Saturday March 24, 2012

Your 10 questions with Pete Teo

1. How can the fight against digital piracy be more effective? Bernard Gideon Lim, Penang

The simplest way to do this is to enforce our anti-piracy laws consistently and supplement it with public awareness campaigns. In my opinion, enforcement is secondary to public education especially given that there will be supply as long as there is demand. I personally believe if prices for legitimate goods were lower (or personal income higher), people would be less inclined to support pirated goods. Nonetheless, it is important for the public to understand that piracy is theft not just of intellectual property, but in many cases, also an entire industry's livelihood.

2. Do you think you have been doing a good job in creating unity in Malaysia through your projects? Eugenie Devan, Bangsar

My colleagues and I try our best but the result is not for us to judge. The truth is, a few videos alone will not change a country. We depend on all Malaysians to promote unity. Thus, it is crucial for everyone to contribute to the effort in our daily lives rather than rely on people like me (or worse, politicians, whose hands are often tied by political expediency). The size of each person's effort is entirely irrelevant. If enough of us contribute to the unity we so yearn for, then with effort and time, I believe it will happen. The last thing you should do is sit back and let others do it for you. Promote unity yourself.

3. What are the challenges aspiring filmmakers in Malaysia face and what will it take for young Malaysian filmmakers to succeed? Felicia Chia, PJ

The fundamental challenge faced by our filmmakers is that we have a small and fragmented market. This means budgets are very modest and opportunities are rare. Added to this, in-country infrastructure for training and promoting young talents is weak or non-existent, which results in us often wasting our best talents. This is a shame because talents need to be developed and exposed before they can flower. As it is, if you are an aspiring filmmaker, you should concentrate on bettering your craft independently. Work with groups of friends so that you can co-resource and learn from each other. In the long run, however imperfect the situation, you will get your break if you are good enough. You should also remember that hard work matters as much as talent, if not more so.

4. What inspires you and what has been your influences when it comes to making music and film? Sam Chua, Singapore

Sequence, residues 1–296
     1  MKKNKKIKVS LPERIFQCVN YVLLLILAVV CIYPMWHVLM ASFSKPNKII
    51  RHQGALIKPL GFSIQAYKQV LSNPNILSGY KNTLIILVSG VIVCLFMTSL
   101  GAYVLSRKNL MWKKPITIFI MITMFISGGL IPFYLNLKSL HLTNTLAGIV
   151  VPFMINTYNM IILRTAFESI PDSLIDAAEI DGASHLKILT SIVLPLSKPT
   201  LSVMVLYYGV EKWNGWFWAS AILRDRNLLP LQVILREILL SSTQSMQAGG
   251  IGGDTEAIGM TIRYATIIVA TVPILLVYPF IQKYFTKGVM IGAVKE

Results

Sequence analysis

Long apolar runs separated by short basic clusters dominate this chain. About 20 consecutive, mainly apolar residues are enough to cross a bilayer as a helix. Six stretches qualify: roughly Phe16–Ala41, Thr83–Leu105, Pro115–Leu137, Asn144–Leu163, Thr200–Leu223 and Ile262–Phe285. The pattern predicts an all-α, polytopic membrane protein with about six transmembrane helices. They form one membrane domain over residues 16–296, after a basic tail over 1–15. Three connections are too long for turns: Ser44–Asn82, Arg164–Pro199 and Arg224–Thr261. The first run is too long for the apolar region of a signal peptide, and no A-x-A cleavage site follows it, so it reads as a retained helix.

I believe good art is truthful art, so honesty inspires me. I also believe a good artiste needs to be courageous and committed so brave art also inspires me. Naturally, the arts business is complicated and it is not always possible to be all of the above (though I believe one must try). I try my best and don't always succeed. But I intend to keep making art for a few more decades yet so with luck I have more years to try and live up to my heroes. I am satisfied with that for now.

5. Is the Government doing enough to promote the arts scene here and what can be done to improve the quality of films and music Malaysia produces? Sathia Kumar, Melaka

The short answer is, no. The arts is often looked upon by our public arts policy makers as merely instruments of either tourism or moral guardianship. The arts can be so much more than that. It should really be where our communities communicate to each other about respective strength and weakness, beauty and ugliness, hopes and fears and thus become a vehicle to build common experience and understanding. But instead, too much is caught up in dialogue of hegemony and fear. With regards to how we might improve the quality of our music and film, other than the fact that we as producers need to improve, I believe we as a community also need to support homegrown arts much better. So go see local films and support local bands. And if they turn out to be less jaw-dropping than Hollywood blockbusters, remember that our producers and artists must be given the space and opportunity to grow. They can't grow if we don't support them.